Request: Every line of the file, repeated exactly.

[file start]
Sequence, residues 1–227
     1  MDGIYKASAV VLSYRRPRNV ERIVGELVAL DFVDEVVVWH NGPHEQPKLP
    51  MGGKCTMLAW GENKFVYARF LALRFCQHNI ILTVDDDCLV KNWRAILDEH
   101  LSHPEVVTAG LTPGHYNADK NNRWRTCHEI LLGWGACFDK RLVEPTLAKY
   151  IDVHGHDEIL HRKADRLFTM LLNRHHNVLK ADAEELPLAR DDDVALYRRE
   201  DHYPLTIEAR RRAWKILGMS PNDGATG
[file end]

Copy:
Sequence, residues 1–227
     1  MDGIYKASAV VLSYRRPRNV ERIVGELVAL DFVDEVVVWH NGPHEQPKLP
    51  MGGKCTMLAW GENKFVYARF LALRFCQHNI ILTVDDDCLV KNWRAILDEH
   101  LSHPEVVTAG LTPGHYNADK NNRWRTCHEI LLGWGACFDK RLVEPTLAKY
   151  IDVHGHDEIL HRKADRLFTM LLNRHHNVLK ADAEELPLAR DDDVALYRRE
   201  DHYPLTIEAR RRAWKILGMS PNDGATG